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In this penultimate post, we use advanced culinary analytics to assess Charles' omelette making techniques, and consider the side effects of hypnosis.
Partners in Crime
The phrase "partners in crime" is often used ironically to describe the kind of plucky characters who crack jokes as they work together to solve crimes or defeat the bad guys, or pull pranks on annoying children at summer camp. These characters will often get themselves into all sorts of trouble throughout their ridiculous escapades, as the audience members giggle along and root for their complicated shenanigans to succeed.
At some point in one of these movies, a character often questions the wisdom of their elaborate schemes, saying something like, "Johnny, do you really think we ought to be hiding all of Billy-Bob's underwear in the freezer?" to which Johnny will reply with a wink, "Well, Tiffany, you can't make an omelette without breaking a few eggs."
Making an Omelette
This is a metaphor, of course, because a well-made omelette is a deliciously soft bundle of eggy goodness, not a prank children play on one another at summer camp. And a poorly-made omelette is also not a prank, but rather a terrible travesty foisted upon innocent diners who simply want to enjoy a delicious meal of delicately cooked eggs, perfectly seasoned and sprinkled with herbs.
From The Archives of the Netflix Corporation
I recently gained access to the archives of the Netflix corporation by means of a spurious set of keys I fashioned out of paper clips. At length, I was able to find the Lucky Smells Lumbermill file, which had been filed under W for workplace accidents. In this file, I found definitive evidence that the omelettes Charles made for Sir were terrible. I'm sorry to have to tell you this, but that is apparently how this story goes.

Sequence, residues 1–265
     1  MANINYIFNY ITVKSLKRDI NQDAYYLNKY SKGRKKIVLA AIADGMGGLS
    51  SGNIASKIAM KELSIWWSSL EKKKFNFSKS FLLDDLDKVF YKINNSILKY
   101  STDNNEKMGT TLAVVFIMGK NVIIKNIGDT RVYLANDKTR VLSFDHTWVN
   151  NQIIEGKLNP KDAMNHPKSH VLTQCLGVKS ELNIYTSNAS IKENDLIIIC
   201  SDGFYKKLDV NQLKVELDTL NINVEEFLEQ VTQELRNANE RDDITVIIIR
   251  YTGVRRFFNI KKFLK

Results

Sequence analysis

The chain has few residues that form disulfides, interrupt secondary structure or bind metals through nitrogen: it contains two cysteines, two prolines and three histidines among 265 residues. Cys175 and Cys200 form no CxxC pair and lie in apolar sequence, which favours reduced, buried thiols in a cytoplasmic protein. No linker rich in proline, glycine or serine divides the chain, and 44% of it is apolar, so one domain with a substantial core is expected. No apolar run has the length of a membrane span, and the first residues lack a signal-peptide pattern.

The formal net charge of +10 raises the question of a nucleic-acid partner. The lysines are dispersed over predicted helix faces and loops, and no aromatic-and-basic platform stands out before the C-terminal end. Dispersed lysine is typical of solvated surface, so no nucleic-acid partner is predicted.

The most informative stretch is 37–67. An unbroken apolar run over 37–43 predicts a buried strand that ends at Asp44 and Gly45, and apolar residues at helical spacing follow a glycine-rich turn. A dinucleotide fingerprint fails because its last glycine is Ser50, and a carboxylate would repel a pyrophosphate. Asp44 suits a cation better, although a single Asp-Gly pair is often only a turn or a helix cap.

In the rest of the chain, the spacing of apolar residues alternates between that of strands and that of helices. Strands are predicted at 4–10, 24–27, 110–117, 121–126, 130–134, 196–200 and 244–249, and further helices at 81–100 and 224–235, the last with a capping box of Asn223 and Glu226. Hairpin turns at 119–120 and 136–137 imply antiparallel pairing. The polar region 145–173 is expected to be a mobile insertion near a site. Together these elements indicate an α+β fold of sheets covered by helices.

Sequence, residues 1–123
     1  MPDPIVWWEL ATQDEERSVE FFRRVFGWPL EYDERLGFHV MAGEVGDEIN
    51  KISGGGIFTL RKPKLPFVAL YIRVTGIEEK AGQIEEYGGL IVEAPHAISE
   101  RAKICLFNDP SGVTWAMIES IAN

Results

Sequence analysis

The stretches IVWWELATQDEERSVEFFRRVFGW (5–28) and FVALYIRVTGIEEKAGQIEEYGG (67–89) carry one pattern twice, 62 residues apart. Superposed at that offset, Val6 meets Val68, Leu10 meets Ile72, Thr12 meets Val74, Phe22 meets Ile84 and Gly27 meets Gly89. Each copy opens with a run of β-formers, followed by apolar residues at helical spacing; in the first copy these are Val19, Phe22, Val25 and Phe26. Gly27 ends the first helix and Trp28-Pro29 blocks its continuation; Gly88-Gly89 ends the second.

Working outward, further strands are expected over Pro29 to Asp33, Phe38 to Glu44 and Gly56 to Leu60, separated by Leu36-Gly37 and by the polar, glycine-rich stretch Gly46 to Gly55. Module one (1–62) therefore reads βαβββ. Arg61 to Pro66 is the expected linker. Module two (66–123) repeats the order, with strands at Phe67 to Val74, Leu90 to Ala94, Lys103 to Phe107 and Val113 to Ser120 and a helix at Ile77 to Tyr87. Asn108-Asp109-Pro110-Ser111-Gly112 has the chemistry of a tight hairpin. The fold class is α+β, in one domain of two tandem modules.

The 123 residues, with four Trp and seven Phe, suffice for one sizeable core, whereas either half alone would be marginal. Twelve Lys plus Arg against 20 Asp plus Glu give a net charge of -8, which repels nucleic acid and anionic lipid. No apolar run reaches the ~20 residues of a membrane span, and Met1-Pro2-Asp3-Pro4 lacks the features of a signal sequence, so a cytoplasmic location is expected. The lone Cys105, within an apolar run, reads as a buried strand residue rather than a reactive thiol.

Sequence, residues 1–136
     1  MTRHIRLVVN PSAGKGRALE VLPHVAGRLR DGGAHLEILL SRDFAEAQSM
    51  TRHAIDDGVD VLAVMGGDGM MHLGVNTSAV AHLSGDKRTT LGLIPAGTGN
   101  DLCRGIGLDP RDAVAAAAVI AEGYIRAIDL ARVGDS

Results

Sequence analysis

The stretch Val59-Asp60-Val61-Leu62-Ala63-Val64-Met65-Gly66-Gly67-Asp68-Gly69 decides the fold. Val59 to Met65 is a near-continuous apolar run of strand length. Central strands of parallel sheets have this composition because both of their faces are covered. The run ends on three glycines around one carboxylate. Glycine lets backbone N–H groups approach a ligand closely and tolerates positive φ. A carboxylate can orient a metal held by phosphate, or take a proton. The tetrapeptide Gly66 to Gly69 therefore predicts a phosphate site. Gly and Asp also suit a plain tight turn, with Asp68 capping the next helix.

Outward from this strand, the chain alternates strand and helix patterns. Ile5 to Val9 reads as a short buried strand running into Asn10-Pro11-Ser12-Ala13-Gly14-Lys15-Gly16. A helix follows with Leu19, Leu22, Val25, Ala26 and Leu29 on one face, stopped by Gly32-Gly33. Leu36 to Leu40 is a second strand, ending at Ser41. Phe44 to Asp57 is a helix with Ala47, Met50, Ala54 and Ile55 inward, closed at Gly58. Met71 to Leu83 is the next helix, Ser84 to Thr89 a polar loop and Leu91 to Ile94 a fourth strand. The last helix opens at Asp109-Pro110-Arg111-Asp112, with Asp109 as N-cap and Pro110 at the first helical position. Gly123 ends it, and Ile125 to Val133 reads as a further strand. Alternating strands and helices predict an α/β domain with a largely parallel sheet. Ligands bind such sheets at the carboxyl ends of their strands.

Someone must have gained access to the file before I arrived, because Page 13 was the only page left, and it contained only three photographs. Some of these images are quite grainy, but using the advanced culinary analytics I learned in the Victual Forensic Department at Lake Lachrymose Cooking School, I have been able to determine the following:
I have not yet unearthed the evidence to explain why Charles would make such terrible omelettes for his partner. (Or, for that matter, why Sir was such a terrible partner to begin with.) It is possible that poor omelette-making was a side-effect of hypnosis, or that Charles was working on behalf of a secret organization to sabotage the Lucky Smells Lumbermill and help the Baudelaires. It's also possible that he learned to cook from Mrs. Poe. My research in this area continues, but what is clear is that Charles and Sir were partners.
Surely the Receptionist is a Villain
Dr. Orwell and her receptionist Shirley were also partners, but they were a different kind of partners. They were not the kind of partners who enjoyed omelette-making, and they were certainly not the kind of partners who enjoyed impish summer camp hijinx. Dr. Orwell and Shirley were the kind of partners who enjoyed "breaking a few eggs," a phrase which here means "conducting spurious eye exams, using hypnosis to exploit mill workers, wearing ridiculous disguises and plotting diabolical schemes to steal the Baudelaire fortune."
In short, they were not wisecracking characters in a fictional movie, but instead were horrible villains in a Netflix documentary.
They were partners in crime.
If you would like to make a delicious omelette for your partner, this recipe gives you a detailed how-to so you'll know exactly what to do - and what not to do - so you don't serve omelettes like Charles'. (Spoiler alert: Step 1 involves breaking a few eggs.)
Trigger warning! This book contains terrible omelettes: